The second video on law 19 is the one that jumps out for me. A player standing with both feet in touch catches a ball from a kick but because the ball never reaches the plane of touch, the catcher is deemed to have taken it in. That seems really counter intuitive and v hard to spot at grass roots level?
 

Phil E


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I am trying to get my head round these amendments.

There are some example videos here:-
http://laws.worldrugby.org/?domain=20

The second video on law 19 is the one that jumps out for me. A player standing with both feet in touch catches a ball from a kick but because the ball never reaches the plane of touch, the catcher is deemed to have taken it in. That seems really counter intuitive and v hard to spot at grass roots level?


As far as coaching goes. Catch it well in touch, or just don't catch it at all if you want the lineout.
The idea (I think) is that if the ball is still in play (hasn't reached the plane) don't try and be clever, we want play to continue.
 

didds

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I get that. But surely in the example given by Dan_A, it would be better to keep the game flowing if the catcher was able to then take a QTI with it, rather than let the ball bounce and roll away 20+m, to retrieve it, go through the farce of will-I-won't-I as kicking team players chase him up and down the touchline and then it ends in a lineout, which potentially isn't defended in the air and is OTT so ends up in the hands of the team that COULD have caught it and QTI'd.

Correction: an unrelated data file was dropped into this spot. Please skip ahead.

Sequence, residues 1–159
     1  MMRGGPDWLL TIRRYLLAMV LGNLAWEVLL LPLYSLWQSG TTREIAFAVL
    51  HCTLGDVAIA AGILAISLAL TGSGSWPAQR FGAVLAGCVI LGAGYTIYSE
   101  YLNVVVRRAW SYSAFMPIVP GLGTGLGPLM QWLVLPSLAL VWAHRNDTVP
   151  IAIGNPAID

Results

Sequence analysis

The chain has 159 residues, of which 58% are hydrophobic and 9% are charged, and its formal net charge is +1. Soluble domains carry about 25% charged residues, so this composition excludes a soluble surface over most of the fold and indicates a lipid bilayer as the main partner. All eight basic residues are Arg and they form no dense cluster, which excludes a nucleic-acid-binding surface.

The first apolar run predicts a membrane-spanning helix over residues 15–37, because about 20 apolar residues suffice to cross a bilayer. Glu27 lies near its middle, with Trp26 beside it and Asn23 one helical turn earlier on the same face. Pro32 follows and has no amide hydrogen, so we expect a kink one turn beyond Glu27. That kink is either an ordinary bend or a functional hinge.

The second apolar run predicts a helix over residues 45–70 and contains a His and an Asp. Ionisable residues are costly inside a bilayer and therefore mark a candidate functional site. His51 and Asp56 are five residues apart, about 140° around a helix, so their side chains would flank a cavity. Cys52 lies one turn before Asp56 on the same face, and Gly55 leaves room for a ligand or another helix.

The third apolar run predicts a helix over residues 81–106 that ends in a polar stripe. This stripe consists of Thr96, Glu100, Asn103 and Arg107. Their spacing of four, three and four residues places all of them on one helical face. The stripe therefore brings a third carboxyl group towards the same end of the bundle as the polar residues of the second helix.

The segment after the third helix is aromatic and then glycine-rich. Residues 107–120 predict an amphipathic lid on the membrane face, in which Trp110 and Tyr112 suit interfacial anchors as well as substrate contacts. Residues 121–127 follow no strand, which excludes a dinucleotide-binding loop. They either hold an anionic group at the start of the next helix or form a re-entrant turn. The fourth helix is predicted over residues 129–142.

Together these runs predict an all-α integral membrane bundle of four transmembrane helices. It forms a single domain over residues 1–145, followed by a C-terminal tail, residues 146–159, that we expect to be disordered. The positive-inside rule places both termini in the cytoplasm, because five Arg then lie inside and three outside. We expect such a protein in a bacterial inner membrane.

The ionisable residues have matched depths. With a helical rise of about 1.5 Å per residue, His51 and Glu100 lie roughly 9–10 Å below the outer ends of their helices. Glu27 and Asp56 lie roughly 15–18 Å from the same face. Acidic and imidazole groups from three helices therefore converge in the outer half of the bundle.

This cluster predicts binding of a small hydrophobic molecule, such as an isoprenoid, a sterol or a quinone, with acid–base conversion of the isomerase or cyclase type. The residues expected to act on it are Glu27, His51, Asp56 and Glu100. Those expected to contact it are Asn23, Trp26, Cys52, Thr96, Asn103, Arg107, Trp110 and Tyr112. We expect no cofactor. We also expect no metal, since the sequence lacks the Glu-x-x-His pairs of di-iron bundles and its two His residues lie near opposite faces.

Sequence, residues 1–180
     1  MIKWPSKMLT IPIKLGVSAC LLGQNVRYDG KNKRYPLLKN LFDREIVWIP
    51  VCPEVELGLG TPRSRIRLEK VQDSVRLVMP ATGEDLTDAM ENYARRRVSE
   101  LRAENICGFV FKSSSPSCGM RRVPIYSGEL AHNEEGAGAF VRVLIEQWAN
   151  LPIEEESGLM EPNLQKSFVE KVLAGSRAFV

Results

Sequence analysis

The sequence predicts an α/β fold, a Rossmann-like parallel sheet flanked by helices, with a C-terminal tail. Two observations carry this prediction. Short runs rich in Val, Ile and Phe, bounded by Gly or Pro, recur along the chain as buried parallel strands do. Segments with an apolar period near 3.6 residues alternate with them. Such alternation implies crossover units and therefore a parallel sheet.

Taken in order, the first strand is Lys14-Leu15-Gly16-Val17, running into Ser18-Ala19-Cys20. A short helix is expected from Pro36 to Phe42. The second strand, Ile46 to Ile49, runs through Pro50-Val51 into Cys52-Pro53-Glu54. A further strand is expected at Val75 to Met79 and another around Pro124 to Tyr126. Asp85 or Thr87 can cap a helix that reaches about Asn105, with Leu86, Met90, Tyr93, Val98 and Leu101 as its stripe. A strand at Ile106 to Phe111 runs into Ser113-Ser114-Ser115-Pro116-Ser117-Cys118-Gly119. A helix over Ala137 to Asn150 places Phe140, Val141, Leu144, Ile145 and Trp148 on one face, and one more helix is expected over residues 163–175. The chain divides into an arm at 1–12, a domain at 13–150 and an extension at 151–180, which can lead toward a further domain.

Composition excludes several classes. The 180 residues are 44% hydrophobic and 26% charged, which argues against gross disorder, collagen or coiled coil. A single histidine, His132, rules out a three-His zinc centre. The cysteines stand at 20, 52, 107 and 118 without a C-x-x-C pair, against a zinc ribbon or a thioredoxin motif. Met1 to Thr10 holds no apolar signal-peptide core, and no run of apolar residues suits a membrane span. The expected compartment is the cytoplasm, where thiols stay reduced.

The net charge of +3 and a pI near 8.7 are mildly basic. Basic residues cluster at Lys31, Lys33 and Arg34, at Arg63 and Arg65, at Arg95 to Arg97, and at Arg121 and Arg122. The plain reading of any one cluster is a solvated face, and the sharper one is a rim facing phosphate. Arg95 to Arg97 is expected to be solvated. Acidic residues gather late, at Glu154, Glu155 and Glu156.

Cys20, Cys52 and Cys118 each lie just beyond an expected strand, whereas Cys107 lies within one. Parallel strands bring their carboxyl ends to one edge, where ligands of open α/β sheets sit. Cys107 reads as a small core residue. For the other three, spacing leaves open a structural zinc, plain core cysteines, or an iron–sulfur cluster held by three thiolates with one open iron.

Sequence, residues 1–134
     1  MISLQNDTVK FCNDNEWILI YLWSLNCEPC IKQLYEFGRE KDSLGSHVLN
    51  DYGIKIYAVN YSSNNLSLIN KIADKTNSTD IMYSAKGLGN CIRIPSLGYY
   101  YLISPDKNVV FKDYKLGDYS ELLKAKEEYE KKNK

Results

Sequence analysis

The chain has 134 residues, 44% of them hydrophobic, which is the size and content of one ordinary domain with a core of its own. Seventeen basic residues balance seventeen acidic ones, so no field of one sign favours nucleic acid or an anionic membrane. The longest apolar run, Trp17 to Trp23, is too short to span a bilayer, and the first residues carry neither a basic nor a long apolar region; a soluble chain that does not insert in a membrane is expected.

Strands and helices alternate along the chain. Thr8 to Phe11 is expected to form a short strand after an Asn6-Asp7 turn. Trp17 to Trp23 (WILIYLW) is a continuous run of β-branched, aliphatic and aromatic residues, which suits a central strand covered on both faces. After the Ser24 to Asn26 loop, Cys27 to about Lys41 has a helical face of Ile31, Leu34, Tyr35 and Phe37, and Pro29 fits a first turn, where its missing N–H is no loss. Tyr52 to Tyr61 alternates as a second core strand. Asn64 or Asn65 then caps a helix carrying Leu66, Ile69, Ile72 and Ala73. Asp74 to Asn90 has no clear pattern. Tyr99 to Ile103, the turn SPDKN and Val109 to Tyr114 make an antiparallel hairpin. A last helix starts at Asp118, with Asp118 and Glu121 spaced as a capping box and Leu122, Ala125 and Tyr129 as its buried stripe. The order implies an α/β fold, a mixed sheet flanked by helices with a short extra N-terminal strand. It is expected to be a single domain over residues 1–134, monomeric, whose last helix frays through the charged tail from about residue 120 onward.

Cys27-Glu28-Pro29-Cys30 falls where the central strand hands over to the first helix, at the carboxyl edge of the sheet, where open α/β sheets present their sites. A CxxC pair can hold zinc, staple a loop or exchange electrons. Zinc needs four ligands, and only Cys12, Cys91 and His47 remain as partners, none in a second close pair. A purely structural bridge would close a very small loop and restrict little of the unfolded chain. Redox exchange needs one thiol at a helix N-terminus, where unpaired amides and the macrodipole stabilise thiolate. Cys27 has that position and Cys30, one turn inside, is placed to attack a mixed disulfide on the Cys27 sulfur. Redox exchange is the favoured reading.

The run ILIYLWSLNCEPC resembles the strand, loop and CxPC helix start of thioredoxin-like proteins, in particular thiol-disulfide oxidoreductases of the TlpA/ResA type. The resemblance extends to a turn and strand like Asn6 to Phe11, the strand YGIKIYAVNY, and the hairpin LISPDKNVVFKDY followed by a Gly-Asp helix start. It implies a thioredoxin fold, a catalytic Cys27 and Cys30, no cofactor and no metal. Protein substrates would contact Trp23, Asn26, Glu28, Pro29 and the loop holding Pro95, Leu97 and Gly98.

Worst case scenario "as was" is that its a lineout to the catching team. And we get a lineout.

The "keep the game flowing" thing is surely just a smokecreen. it doesn't really stack up.

didds
 
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Phil E


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If he catches the ball in the field of play, or jumps and catches the ball and lands in the field of play, then we can play on.

What we don't want is a player stretching a leg into touch and catching the ball 2 or 3 feet inside the field of play...then getting a lineout. We want him to catch the ball and keep playing.

To be honest the example videos World Rugby have chosen aren't the best in many cases.
 

OB..


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What we don't want is a player stretching a leg into touch and catching the ball 2 or 3 feet inside the field of play...then getting a lineout.